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Track Falling German Satellite

October 23, 2011 by staff 

Track Falling German SatelliteTrack Falling German Satellite, Another important satellite is due to fall to Earth this weekend. Last month, NASA satellite service outside of the Upper Atmosphere Research fell around midnight September 23. Luckily, UARS went into the Pacific Ocean, far from any major land mass.

 The field of debris into the soil between 300 and 800 kilometers, or the Northeast in general, the point where UARS re-entered the atmosphere. NASA had estimated a 1-on-3, 200 likely that someone would be struck by a part of the UARS. No one was injured.

Now it is time to ROSAT, a defunct German X-ray telescope in space, to make a re-entry. ROSAT is short for R? Ntgensatellit, in honor of Wilhelm R? Ntgen, discoverer of X-rays.

Heiner Klinkrad, the head of the Space Debris Office of the European Space Agency, puts the odds at 1-en-2, 000 a piece of ROSAT attack a person. Your chances of getting back some of that money that has been sending the insurance company is better this time. Or rather, worse.

The reason, he explains, is that X-ray telescope on ROSAT has many strong, heat resistant parts mirror that almost certainly will survive the fiery descent. Your chance to be hit specific person, however, is much thinner.

The German Aerospace Center is tracking ROSAT, but the final destination of the satellites depends on atmospheric conditions related to solar activity. High solar activity swells Earth’s atmosphere, increasing the drag force encountered by a satellite down.

Once the really significant air resistance is known, the orbit decays rapidly as the satellite is higher levels of resistance that is lower.

Most of the slowdown occurs in the orbits of the latter. Yet it is difficult to predict how the satellite will respond to aerodynamic forces, and falling out of control.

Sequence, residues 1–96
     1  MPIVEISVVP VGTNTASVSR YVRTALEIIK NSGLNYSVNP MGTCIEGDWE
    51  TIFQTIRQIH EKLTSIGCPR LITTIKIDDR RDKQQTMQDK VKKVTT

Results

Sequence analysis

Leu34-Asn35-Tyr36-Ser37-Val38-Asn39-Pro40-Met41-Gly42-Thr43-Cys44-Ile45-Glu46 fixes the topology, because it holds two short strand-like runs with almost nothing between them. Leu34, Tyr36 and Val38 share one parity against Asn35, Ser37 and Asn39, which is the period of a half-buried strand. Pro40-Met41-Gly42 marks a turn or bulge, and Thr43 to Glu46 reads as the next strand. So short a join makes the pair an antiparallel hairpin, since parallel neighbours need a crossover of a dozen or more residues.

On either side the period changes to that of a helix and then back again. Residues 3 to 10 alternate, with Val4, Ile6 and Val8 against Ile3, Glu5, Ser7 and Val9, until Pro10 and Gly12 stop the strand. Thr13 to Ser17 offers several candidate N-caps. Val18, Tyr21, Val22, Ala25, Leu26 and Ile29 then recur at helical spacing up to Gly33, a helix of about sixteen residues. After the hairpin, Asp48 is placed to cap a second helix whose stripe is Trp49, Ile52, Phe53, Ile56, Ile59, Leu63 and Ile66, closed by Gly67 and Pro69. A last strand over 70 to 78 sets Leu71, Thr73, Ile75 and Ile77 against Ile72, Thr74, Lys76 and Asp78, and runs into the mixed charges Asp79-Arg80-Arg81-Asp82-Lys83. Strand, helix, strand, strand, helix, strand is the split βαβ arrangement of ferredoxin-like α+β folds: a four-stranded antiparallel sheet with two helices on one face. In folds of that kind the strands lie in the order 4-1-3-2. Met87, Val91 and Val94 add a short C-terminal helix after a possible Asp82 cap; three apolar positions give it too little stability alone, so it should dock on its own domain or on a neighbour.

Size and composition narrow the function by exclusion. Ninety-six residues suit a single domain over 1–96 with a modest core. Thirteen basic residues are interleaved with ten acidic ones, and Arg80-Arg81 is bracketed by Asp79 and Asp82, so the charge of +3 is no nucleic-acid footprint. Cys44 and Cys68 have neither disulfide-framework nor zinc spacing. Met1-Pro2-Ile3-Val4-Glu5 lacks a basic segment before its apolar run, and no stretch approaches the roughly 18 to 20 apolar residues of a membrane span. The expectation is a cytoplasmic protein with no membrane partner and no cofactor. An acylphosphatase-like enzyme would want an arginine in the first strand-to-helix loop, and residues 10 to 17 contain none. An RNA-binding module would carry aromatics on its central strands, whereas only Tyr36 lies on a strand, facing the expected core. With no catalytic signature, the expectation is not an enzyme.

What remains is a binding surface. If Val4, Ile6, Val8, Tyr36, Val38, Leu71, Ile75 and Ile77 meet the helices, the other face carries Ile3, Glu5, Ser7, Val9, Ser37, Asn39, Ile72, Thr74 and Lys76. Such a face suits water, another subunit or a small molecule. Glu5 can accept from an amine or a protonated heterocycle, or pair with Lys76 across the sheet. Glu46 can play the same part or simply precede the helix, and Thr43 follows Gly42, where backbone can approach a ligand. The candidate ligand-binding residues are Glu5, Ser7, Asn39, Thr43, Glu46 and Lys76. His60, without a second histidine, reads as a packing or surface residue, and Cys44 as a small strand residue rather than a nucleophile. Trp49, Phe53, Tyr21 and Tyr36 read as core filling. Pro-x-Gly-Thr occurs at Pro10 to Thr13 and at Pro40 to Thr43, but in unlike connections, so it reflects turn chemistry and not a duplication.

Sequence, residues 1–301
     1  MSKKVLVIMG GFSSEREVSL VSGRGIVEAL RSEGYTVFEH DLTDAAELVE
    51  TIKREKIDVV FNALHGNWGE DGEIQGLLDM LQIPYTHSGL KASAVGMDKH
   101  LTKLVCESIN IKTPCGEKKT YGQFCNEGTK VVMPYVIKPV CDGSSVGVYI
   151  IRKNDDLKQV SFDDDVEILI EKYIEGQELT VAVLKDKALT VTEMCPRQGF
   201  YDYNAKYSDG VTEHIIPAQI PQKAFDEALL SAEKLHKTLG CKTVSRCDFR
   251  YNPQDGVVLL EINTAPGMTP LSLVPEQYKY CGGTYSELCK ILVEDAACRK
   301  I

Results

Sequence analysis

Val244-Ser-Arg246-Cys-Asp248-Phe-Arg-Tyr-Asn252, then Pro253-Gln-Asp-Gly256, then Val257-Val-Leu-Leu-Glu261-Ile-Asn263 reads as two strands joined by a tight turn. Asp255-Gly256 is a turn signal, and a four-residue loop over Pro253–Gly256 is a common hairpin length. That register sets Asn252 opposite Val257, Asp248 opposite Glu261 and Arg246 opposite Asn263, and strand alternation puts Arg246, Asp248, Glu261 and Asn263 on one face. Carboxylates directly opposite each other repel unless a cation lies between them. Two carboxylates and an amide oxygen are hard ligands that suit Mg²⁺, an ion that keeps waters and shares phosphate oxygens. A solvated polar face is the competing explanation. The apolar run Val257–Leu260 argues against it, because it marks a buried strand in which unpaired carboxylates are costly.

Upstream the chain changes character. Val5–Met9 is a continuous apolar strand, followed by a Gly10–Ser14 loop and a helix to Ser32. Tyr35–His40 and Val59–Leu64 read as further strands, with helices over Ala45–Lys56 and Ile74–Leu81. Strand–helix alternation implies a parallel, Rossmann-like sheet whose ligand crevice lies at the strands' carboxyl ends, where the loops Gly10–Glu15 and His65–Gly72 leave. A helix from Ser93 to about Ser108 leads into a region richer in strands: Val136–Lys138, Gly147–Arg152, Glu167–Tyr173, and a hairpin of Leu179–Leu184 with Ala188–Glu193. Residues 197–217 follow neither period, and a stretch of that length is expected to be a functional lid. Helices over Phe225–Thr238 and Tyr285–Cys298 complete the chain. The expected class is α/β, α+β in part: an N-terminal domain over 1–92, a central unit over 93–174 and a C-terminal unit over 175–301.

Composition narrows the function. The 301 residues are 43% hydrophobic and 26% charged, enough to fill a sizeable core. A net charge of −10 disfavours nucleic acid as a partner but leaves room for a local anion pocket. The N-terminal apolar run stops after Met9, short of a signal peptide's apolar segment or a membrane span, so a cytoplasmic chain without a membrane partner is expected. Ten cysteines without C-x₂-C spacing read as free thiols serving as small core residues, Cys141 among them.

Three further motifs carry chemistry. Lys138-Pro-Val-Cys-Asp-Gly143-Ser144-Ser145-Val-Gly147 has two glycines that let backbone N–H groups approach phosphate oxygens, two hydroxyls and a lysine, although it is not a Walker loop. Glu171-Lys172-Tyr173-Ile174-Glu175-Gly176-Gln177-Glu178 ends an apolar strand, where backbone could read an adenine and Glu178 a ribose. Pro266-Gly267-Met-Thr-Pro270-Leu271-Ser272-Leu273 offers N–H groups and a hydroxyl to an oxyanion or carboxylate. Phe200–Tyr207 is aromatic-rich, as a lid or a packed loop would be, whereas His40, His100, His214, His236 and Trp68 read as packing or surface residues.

When ROSAT down? Ask reentrynews.aero.org for graphical web-orbital trajectory. The prediction information available for re-entry is 6:33 a.m. on Sunday, but the margin of error is plus / minus one day.

Can you see ROSAT? The possibility exists that you can see tonight. Although ROSAT is faint magnitude of 5.2, you can get a glimpse of her. It rises in the northwest just before 8:08 pm At 8:09, is Bo? Tes, Pastor, and 30 seconds later, is supposed to be just above Arthur, the very bright star on the horizon. These predictions are subject to considerable uncertainty.

It is supposed to be another step, brighter along more or less the same route at 7:39 pm on Saturday, but that is subject to even greater uncertainty. ROSAT orbital decay of the upper atmosphere depends on “climate”, so try to get an update.

View brevardcc.edu / planet / SkyNews to obtain the best estimate of its share of Brevard County as new orbital elements are available.

Fright Night
Brevard Community College Night of fear! means monstrously good fun at 9 pm on Friday or Saturday. Come to the “Dead Man’s Party” at the BCC Planetarium in Cocoa and make the Monster Mash and the Time Warp. View festoons Halloween decoration Exhibition Hall and go through the haunted hallway where Boris the Spider hangs. Do not be afraid! Just being there – or could Purple People Eater.

The BCC Observatory is usually open to the public 6:30 to 10:15 pm Fridays and Saturdays, weather permitting. Jupiter rises at 7:41 pm and can be seen in the telescope of the BCC about an hour later.

Astronaut Memorial Planetarium is at the west end of campus Cocoa Brevard Community College.

Call the box office BCC Planetarium at 321-433-7373 to check the full schedule of the public, ticket prices, show times and directions.

Visit the BCC website brevardcc.edu / planet in our calendar, maps and directions.

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